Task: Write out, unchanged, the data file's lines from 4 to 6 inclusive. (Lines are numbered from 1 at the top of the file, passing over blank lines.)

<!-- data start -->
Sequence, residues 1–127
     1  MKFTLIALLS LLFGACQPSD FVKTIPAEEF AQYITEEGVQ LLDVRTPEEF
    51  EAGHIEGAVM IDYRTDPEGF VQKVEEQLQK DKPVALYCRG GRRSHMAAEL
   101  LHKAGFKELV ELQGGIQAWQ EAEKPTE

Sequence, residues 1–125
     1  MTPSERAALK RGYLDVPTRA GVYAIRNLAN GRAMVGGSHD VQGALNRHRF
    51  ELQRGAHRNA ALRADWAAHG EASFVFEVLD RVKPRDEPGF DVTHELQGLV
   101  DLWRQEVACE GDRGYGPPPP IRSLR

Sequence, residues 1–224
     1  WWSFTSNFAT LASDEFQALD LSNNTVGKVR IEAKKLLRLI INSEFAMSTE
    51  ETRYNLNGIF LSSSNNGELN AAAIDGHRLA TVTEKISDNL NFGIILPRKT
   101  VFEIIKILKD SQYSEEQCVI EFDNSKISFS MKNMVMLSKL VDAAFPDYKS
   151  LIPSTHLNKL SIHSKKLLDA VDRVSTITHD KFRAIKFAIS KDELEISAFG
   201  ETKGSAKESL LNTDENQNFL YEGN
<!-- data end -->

   101  LHKAGFKELV ELQGGIQAWQ EAEKPTE

Sequence, residues 1–125
     1  MTPSERAALK RGYLDVPTRA GVYAIRNLAN GRAMVGGSHD VQGALNRHRF